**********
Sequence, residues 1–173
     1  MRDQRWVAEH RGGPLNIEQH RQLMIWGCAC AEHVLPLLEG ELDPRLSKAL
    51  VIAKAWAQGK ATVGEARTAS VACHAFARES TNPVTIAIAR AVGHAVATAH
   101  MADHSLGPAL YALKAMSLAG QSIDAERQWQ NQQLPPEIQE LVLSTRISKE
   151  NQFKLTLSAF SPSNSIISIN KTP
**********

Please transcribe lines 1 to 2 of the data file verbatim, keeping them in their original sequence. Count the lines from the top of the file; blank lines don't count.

Sequence, residues 1–173
     1  MRDQRWVAEH RGGPLNIEQH RQLMIWGCAC AEHVLPLLEG ELDPRLSKAL